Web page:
When a person is both physically and psychologically dependent upon alcohol, he or she is diagnosed with alcoholism. Alcoholism is one disorder on a spectrum of alcohol use disorders and is a medical disease – one that is characterized by a high tolerance to the substance as well as cravings, withdrawal symptoms when without alcohol, and other issues.

While there are many negative physical effects associated with alcoholism and alcohol abuse, regular heavy drinking often takes a toll on a person’s emotional state and on his or her life in general. Almost all alcoholics will experience personal and relationship problems as a result of their drinking.

Furthermore, many will experience legal problems as well, usually related to the irresponsible behaviors that so frequently accompany alcohol abuse. One of the most common (and deadly) of these dangerous behaviors is driving while under the influence of alcohol.

Drinking and Driving: A Serious Problem

The message to avoid drinking and driving is one that is well practiced in the United States. While some might view it as no more than a trumped-up warning, it’s important to understand that operating a motor vehicle while intoxicated carries a serious risk of death or injury to the driver, pedestrians and others on the road. Consider the following statistics from Mothers Against Drunk Driving (MADD):

  • Half of drivers who are killed in motor vehicle accidents test positive for concurrent drug and alcohol use.
  • Approximately one-third of drivers arrested for drunk driving have been convicted of the offense before.
  • In 2011, more than 1.2 million drivers were arrested for driving under the influence of alcohol or drugs.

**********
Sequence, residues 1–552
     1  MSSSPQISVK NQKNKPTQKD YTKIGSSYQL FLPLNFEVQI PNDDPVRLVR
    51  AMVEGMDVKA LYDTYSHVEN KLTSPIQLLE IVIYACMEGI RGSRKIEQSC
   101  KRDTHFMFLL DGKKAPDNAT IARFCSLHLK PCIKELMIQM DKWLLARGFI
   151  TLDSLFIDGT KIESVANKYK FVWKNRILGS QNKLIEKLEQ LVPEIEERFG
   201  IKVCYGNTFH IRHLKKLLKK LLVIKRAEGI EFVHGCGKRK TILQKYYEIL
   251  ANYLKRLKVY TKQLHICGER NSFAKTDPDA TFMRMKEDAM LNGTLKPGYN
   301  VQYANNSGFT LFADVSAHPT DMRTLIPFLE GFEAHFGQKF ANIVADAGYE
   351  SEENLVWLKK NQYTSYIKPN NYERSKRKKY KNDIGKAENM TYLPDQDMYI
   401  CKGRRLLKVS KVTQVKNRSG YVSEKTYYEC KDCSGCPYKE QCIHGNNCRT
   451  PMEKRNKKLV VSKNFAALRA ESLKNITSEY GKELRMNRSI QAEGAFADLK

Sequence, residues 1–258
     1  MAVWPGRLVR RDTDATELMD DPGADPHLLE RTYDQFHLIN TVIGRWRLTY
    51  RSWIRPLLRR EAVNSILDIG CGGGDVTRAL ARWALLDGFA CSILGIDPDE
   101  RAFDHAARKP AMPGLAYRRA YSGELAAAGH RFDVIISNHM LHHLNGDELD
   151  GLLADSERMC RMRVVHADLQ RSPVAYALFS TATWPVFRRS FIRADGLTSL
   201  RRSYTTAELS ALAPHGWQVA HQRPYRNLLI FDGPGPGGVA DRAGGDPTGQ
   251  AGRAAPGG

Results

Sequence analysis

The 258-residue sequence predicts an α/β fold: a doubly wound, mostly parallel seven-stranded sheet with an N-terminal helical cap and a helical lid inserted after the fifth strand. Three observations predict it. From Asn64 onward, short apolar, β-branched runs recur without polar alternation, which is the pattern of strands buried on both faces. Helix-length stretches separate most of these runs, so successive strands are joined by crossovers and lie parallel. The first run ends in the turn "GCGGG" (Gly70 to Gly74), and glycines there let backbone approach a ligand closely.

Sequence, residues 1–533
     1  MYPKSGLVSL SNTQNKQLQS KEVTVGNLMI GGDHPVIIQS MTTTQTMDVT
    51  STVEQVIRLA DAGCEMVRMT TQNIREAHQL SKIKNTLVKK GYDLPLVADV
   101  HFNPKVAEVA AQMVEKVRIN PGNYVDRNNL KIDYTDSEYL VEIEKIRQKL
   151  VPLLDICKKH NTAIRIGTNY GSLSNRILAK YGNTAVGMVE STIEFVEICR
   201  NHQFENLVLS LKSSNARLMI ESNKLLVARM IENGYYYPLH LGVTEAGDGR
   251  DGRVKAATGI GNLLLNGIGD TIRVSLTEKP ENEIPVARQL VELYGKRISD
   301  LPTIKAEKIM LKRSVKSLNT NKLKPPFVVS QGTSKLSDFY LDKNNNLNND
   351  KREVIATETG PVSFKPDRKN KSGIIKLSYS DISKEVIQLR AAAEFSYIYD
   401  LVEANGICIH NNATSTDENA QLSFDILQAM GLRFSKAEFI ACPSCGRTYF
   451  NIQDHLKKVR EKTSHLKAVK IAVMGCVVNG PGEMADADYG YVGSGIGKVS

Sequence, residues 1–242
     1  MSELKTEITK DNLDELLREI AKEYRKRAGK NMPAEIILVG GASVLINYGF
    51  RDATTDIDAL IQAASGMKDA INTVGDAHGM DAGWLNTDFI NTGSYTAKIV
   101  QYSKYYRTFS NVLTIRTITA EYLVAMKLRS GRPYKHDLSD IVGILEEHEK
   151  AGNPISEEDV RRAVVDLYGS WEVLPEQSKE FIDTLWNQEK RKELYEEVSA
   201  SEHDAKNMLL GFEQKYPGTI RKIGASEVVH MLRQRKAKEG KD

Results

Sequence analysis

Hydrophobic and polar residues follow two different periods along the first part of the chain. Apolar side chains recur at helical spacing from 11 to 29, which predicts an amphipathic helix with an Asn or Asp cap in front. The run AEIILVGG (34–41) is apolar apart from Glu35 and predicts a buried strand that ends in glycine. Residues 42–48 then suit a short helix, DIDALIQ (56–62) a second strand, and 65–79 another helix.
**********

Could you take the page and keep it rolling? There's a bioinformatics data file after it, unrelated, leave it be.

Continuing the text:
• The highest incidences of drinking and driving occur among people between the ages of 21 to 25.
  • Around 32 percent of fatal drunk driving accidents involved drivers between the ages of 21 to 24.
  • The average person can only handle around one alcoholic beverage per hour.
  • In 2011, 226 children were killed in drunk driving accidents.
  • In 2010, there were almost 300,000 cases of drunk driving per day.
  • In America, 27 people die each day from drunk driving-related accidents.
  • Almost a quarter of teen car accident fatalities involve alcohol.
  • One in three people is involved in a drunk driving accident during a lifetime.
  • In 2011, 9,878 people died in drunk driving-related accidents.
  • A person is injured in a drunk driving-related accident approximately every 90 seconds.
  • The average drunk driver will admit to having driven drunk 80 times before the first arrest.

Are All Drunk Drivers Alcoholics?

Every person who drinks and drives is not necessarily an alcoholic. However, drinking and driving does indicate irresponsible use of alcohol and can sometimes serve as a tip-off that the person in question has a problem.

If someone you love has recently been arrested for a DUI, be watchful of their behaviors surrounding alcohol. If you think they may have a problem, encourage them to get help. In some cases, getting professional help may enable the person to mitigate some of the legal consequences associated with a drinking and driving charge.

No matter what happens in the courtroom, however, getting help for alcoholism has the power to save lives. Contact us at Black Bear Lodge today to learn more about our evidence-based alcohol detox and addiction treatment program located northeast of Atlanta, GA.